Humbled. That’s the best word I can come up with to describe how I feel about winning my second Bassmaster Elite Series tournament on Lake Dardanelle. Sure, there’s a lot of excitement, happiness and even a good amount of pride, but now that the dust has settled, I can say that I’m just humbled.

After many years as a professional fisherman, I’ve been humbled with negative outcomes many times. This time around, I came out on top; but I have to say I do not take that lightly.

For one thing, the caliber of competitors that have not yet won an Elite event is pretty incredible. I can’t even describe the level of respect I have for the guys I fish against.

I won’t ever downplay a victory on the Elite Series — this is a big deal for me, my family and my sponsors. I’m definitely proud of what I was able to accomplish, but I know that there’s an entire field of talented anglers who are always just one key cast away from that trophy.

My friend and fellow Booyah pro staffer Gerald Swindle is a perfect example. He’s one of the best; and it honestly hurt my feelings to see Gerald lose this event. When I knew that I had more weight than he did, I saw it in his eyes.

I understand that feeling.

I’ve been there.

That’s the downside of coming out on top, but I’m a competitor and I come to these tournaments to win. I know Gerald feels the same way, as do all the other Elite anglers.

We’re all friends, but we all want to win. Every one of those guys, I could call them if I had a flat on the Interstate and they’d come to help me. But every one of them will beat me if they can.

What I have learned about the Elites is that these guys don’t let you win. If you’re going to win one of these tournaments, you have to take it. Every single one of these guys can win, so everything from your equipment to your decisions has to be flawless and you have to catch ‘em for four days.

We don’t make a lot of decisions on the water based on science. We make decisions based on instinct. One wrong decision and I could have very easily missed the win.

For example, on the first day, I had two areas I could have fished — an area upriver and the one that produced the win. At takeoff that morning, I was thinking “Do I go left or right?”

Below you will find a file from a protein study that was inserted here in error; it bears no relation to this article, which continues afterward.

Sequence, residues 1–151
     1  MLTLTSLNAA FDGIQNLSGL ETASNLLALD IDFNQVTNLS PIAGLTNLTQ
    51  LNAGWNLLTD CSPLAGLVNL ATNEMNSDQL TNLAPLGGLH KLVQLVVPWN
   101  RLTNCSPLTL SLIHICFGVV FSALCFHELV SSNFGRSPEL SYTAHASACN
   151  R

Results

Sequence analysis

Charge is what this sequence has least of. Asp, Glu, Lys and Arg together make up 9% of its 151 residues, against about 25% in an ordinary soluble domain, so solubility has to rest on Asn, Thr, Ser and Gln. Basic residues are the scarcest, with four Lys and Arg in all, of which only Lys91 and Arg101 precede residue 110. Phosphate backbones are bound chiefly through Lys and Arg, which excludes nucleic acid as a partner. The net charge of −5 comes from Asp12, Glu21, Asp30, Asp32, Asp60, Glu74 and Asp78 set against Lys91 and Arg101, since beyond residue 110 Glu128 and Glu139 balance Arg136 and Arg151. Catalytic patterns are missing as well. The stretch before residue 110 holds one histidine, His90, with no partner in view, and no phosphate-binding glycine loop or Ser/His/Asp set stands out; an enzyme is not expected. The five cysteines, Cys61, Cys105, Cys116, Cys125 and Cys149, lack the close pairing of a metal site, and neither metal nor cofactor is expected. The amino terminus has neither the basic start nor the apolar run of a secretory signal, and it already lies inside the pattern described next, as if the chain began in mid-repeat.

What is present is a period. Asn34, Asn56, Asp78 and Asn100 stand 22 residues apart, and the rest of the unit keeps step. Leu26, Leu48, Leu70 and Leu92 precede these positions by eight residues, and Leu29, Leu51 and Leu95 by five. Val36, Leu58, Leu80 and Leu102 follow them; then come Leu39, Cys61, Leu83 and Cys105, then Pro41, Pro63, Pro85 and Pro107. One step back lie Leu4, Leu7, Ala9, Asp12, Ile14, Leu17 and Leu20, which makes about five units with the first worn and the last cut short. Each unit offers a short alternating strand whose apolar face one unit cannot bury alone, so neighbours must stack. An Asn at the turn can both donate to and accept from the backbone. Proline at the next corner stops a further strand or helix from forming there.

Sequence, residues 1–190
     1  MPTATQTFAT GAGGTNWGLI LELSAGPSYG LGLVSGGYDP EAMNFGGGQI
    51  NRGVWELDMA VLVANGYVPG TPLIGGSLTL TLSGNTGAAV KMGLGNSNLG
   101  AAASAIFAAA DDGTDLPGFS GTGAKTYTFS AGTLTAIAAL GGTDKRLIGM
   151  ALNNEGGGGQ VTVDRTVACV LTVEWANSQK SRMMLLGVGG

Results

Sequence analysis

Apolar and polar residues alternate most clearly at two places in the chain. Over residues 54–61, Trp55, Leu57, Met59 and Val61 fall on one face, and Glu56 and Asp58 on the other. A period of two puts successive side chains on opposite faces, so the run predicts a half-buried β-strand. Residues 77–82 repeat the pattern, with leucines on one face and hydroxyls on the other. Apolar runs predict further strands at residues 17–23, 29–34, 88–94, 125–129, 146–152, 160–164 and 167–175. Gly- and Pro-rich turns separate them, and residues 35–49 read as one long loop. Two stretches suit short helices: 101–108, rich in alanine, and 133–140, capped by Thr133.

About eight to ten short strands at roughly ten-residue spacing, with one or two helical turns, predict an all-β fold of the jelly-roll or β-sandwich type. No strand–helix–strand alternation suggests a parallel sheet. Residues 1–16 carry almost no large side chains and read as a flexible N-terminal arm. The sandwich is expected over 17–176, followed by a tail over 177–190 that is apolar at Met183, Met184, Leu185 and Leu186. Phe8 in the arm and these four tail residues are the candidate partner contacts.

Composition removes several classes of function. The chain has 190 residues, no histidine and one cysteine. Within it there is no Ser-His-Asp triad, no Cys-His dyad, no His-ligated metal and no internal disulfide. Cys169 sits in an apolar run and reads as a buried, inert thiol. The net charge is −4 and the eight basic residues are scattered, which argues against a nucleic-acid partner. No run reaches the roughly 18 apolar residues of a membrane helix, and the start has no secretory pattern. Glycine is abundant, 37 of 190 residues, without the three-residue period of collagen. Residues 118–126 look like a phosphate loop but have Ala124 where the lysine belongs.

I felt more comfortable with the area I chose because I thought it offered a lot more opportunities for how I like to fish so I went that way and it turned out to be the right decision.

You know, when one of these events is over, it’s like a dream. You go back and ask yourself why you made this decision or that decision. I’m glad I didn’t have to question too many of my decisions this time.

I think a big piece of that is confidence. That’s essential for the mental toughness you gotta have to be able to compete at this level.

Last year, I was fortunate to win the Elite Series event on Bull Shoals, along with two other national level events on another circuit. That put a lot fuel in my tank, so to speak. But it all happened so quickly last year, that maybe I didn’t take time to fully appreciate it.

I think that at the beginning of this season I might have lost some of that momentum. I was thinking that maybe I got on a little hot streak and maybe it’s over now. But the win on Dardanelle was a definite confidence boost.

That’s particularly meaningful since I won doing something that I like to do — swimming a jig. That’s a technique I’ve been using for 20 years and, although I love to flip, I enjoy swimming a jig because you get to watch every fish eat the bait.

Now, the other nice part about winning an Elite event is the Bassmaster Classic qualification. This is always my main goal for the year and securing my spot at the 2015 Classic removes that concern and allows me to fish the rest of the season with a more relaxed approach.

I won’t let up, of course. I’ll fish to win each time, but knowing that I don’t have to worry about qualifying through the points, I can fish more aggressively for another win.

Even as I’m saying this, I feel fortunate and blessed just to be fishing the Elites, much less win two Elites. I was just a kid from Oklahoma who wanted to go bass fishing for a living. And to qualify for my third Classic in three years, well, that’s just an incredible feeling.

Looking down the road, I’m looking forward to the Elite event on Cayuga Lake. That was where I qualified for the Elite Series through the Opens in 2012.

For now, I’m going to enjoy the experience I had at Lake Dardanelle. I feel gratified, appreciative and maybe a little relieved.

Most of all, I’m humbled.